Information leaked in United States affects Manchester bomb probe
- Author: Leroy Wright May 26, 2017,
May 26, 2017, 13:00
The following day, the Islamic State terrorist group claimed responsibility for the bombing.
They showed remnants of the explosive device, the backpack and a detonator used by 22-year-old British national Salman Abedi at the exit of the Manchester Arena shortly after an Ariana Grande concert ended.
Manchester police said that they would no longer share details of the investigation with their US counterparts, and the city's top police official, Chief Constable Ian Hopkins, noted that the disclosure "has caused much distress for families that are already suffering terribly with their loss", the BBC reports.
The chairman told Sky News he has banned political discussions at the mosque and has previously referred matters to police where he has been concerned about radicalisation.
Home Secretary Amber Rudd, who said Abedi had been known to British security officials, complained Wednesday about US officials leaking sensitive information about Abedi to the media, saying that could hinder Britain's security services and police. The reports citing the name and death toll later proved to be true.
Before the meeting with Ms May, Mr Trump has said the United States will investigate intelligence leaks that revealed sensitive information about the Manchester bombing.
The leak, which followed a similar disclosure of the bomber's identity and probe details, rocked the intelligence-sharing relationship between close allies London and Washington.
The Greater Manchester Police chief constable Ian Hopkins announced: "We now have eight people who have been arrested in connection with Monday's attack".
There are now eight people in custody in the United Kingdom but police fear more accomplices of Abedi may be on the loose.
Hashim Ramadan Abedi is shown inside the Tripoli-based Special Deterrent anti-terrorism force unit after his arrest on Tuesday for alleged links to the Islamic State extremist group.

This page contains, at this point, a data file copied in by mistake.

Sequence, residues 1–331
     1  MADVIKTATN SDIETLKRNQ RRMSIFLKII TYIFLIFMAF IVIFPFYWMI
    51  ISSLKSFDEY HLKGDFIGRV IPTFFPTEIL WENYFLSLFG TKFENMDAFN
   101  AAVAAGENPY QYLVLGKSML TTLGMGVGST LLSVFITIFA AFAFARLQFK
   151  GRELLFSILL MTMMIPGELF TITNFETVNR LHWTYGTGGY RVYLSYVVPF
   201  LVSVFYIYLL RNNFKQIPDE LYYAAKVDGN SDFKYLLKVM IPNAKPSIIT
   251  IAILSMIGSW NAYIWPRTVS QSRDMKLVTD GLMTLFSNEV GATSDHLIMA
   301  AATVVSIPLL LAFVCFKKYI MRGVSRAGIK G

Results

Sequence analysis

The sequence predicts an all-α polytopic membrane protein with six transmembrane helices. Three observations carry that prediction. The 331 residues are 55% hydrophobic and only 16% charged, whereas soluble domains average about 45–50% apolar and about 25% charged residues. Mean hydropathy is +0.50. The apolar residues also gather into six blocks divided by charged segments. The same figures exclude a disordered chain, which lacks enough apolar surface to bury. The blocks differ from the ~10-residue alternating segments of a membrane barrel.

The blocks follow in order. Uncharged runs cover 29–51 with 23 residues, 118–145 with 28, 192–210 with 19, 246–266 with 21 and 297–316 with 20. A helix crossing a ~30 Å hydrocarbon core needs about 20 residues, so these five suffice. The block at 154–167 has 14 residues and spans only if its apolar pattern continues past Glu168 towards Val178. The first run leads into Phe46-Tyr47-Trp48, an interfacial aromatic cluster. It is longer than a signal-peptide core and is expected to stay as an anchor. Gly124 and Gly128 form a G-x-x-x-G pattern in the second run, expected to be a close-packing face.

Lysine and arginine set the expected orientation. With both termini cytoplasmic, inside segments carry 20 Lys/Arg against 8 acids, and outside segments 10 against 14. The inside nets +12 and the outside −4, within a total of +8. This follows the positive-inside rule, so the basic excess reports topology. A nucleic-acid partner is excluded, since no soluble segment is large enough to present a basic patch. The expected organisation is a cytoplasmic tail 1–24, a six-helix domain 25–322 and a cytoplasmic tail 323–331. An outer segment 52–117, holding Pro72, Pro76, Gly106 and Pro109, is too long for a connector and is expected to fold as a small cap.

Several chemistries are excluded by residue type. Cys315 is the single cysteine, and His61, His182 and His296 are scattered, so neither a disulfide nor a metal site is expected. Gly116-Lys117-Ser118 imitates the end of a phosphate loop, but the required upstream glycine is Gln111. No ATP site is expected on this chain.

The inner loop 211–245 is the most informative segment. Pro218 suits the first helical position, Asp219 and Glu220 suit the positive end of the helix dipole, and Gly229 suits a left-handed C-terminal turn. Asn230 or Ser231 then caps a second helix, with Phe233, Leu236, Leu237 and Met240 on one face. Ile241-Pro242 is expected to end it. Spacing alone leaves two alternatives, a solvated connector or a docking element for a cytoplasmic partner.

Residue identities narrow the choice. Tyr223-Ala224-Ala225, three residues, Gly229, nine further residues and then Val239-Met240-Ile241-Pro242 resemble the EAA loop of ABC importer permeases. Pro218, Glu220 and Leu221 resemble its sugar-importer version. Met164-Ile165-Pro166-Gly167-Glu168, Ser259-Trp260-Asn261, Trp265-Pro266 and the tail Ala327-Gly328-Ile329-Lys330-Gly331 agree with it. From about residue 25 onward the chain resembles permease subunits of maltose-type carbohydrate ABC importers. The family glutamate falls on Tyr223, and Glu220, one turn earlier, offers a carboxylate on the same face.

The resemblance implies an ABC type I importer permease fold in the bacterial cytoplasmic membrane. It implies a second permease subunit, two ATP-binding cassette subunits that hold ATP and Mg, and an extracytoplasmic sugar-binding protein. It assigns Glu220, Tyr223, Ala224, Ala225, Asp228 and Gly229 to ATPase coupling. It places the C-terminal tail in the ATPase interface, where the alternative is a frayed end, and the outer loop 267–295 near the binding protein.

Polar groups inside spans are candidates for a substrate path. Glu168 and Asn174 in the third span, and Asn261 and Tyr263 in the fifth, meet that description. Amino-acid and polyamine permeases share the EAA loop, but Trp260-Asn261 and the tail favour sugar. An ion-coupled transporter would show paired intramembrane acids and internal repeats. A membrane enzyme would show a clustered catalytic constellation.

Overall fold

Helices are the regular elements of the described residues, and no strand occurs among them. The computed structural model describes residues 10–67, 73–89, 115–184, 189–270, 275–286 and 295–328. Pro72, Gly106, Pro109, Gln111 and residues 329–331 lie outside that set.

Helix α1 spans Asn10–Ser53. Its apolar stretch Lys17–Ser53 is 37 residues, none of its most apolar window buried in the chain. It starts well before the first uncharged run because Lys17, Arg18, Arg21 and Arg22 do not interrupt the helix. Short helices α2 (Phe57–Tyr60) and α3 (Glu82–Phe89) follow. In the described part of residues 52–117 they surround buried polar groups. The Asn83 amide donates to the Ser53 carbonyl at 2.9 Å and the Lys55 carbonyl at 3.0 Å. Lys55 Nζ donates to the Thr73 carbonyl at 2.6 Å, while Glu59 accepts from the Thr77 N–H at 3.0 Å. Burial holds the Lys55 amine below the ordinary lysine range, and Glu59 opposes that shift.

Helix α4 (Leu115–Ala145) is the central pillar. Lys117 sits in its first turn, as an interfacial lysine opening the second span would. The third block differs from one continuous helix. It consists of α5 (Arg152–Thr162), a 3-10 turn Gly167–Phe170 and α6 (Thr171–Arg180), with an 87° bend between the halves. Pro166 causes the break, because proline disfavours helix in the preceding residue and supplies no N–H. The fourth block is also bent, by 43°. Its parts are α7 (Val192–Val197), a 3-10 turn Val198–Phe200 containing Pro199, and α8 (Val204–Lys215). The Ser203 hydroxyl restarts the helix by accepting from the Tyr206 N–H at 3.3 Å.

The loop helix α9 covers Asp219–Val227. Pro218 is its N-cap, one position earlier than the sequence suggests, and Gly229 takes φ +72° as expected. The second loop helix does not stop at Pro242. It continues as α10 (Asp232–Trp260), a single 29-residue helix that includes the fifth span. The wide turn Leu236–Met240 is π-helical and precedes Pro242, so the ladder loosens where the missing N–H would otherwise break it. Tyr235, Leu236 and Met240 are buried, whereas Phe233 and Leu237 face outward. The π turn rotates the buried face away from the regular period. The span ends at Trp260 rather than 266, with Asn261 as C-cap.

With the official threat level raised to "critical", meaning a further attack could be imminent, troops have been deployed to free up police, and armed officers patrolled trains for the first time in Britain.
A former British intelligence chief, who requested anonymity, said of USA sources, "They don't understand the complexities of just blurting it out, and the reasons not to". "I personally talked with him and tried to convince him that it was just a criminal act", he added.
"Traditionally what news organizations do is. usually go to security officials in the United States, with sensitive information, to [ask], 'Does this actually harm our efforts or put U.S. security at risk?' So part of that is to think, you know, how does this harm people?" Hopkins said the leaks "caused much distress for families that are already suffering terribly with their loss". Britain's intelligence links with the USA are among the closest in the world, and information is routinely shared by security and intelligence agencies as part of the special relationship between the transatlantic allies. "They arrested the father, and I think the rest of the family kind of disappeared".
The leaks included suggestions that bomber Salman Abedi's family had warned security officials he was unsafe.
The man, who did not want to be identified, said Abedi was "away at random times throughout the year" but he did not know if he was overseas or playing truant because he hung around "the wrong crowd and was very, very gullible". Under normal circumstances, he said, Abedi may have been able to travel to the United States because he was from Britain, a visa-waiver country, but he would have been subjected to a background check via the US government's Electronic System for Travel Authorization, or ESTA. "We did our checks".